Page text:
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Zalando publishes first diversity and inclusion report

By Huw Hughes

Nov. 17, 2020

Zalando has published its first annual diversity and inclusion (D&I) report, ‘do.Better’, revealing the progress it’s made in that area and outlining further targets moving forward.

Last year, the German e-tail giant announced a target to have a balanced representation of women and men across its top six management levels, including the management board and the supervisory board, by the end of 2023.

On Tuesday the retailer revealed it has already achieved that target in its supervisory board, which now comprises 56 percent women. The company said it has made “significant progress” at the senior vice president level - where representation of women has almost doubled from last year to 30 percent - while the vice president cohort now consists of 22 percent women.

Zalando acknowledged that its management board has the lowest diversity, where currently no women are represented.

The retailer said that gender diversity in tech teams is a “particularly important challenge”, with women currently making up just 17 percent of its tech workforce - in line with the average share of women in tech roles in Germany.

To tackle this imbalance, the company said it is investing five million euros in dedicated initiatives to attract, develop and retain more women in tech roles, and is extending its target to achieve a balanced gender share of 40-60 percent by 2023 to its tech teams.

The 2020 do.Better report also revealed the gender pay gap for men and women working in comparable roles at Zalando is just 1 percent compared to Germany’s average of 6 percent. The company said this is thanks to a “clearly structured compensation promise towards our employees”.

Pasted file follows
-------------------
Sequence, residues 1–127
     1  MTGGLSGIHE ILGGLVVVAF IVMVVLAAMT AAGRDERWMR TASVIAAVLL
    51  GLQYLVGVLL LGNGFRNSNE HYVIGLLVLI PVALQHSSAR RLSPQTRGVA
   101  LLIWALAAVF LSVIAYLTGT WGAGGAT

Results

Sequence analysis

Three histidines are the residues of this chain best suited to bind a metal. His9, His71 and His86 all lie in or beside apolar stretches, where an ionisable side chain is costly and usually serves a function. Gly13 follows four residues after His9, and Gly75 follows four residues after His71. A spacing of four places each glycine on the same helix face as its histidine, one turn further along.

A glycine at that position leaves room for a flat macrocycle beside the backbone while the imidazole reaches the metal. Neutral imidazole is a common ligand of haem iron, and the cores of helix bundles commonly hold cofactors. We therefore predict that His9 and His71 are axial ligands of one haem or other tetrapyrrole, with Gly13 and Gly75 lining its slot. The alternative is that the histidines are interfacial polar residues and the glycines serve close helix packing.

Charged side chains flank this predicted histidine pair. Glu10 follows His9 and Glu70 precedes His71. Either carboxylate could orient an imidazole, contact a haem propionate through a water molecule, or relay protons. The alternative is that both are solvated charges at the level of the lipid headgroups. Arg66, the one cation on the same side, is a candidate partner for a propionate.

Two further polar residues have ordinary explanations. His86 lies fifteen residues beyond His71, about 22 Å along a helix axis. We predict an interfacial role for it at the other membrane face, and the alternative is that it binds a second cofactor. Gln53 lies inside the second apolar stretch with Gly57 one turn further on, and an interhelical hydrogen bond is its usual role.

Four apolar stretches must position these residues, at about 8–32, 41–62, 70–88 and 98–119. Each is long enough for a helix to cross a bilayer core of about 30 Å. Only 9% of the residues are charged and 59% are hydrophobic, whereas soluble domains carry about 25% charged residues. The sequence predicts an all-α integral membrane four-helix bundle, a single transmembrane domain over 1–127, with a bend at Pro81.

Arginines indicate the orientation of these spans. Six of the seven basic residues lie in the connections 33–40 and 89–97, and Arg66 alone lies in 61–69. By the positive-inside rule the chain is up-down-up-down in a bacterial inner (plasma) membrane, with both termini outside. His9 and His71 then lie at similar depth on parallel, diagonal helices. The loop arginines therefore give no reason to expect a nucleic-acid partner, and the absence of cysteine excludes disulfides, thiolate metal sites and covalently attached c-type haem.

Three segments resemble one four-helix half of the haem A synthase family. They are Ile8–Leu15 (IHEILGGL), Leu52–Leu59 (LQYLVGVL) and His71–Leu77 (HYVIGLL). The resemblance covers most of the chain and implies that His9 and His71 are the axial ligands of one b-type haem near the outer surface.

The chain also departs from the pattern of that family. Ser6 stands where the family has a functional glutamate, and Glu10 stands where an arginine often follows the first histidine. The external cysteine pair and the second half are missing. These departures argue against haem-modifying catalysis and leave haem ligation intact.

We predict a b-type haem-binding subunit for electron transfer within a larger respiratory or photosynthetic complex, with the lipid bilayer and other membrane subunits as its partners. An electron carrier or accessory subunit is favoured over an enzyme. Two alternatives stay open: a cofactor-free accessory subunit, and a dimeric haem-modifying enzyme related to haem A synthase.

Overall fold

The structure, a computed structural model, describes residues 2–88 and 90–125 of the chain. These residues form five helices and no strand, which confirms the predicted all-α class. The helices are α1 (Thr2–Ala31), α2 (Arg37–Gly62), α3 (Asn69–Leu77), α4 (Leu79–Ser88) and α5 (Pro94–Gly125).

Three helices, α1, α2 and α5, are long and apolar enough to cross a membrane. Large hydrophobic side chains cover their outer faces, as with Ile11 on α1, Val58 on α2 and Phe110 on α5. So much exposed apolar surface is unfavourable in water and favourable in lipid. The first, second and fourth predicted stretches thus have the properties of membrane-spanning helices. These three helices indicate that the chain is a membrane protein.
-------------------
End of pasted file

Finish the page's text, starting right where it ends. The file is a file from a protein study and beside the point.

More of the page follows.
However, when comparing women and men independent of their roles, the wage gap at Zalando is 22 percent, compared to 21 percent for all of Germany. The retailer said this is largely due to the fact it currently employs more men than women in senior positions and tech jobs, which have higher wages.

The retailer said it has also made progress in terms of making its platform more inclusive through the launch of several D&I initiatives. That includes working with a diverse group of models who better represent the company’s customers; introducing more skin tones to the beauty category; and partnering with more brands that are owned by members of minority groups. The retailer said its goal is to onboard at least 70 Black-owned brands by 2022.

“We strive to foster a diverse and inclusive company culture because we are convinced that it will make us a more successful business in the long term. However, investing in diversity and inclusion is more than just a business strategy for us. It is simply the right thing to do,” Zalando co-CEO Rubin Ritter said in a statement.

“It is our vision to become the Starting Point for Fashion in Europe, and we want to include everyone on that journey. Transformation takes time. We are still at the beginning but our progress indicates that we are moving in the right direction.”

Photo credit: Zalando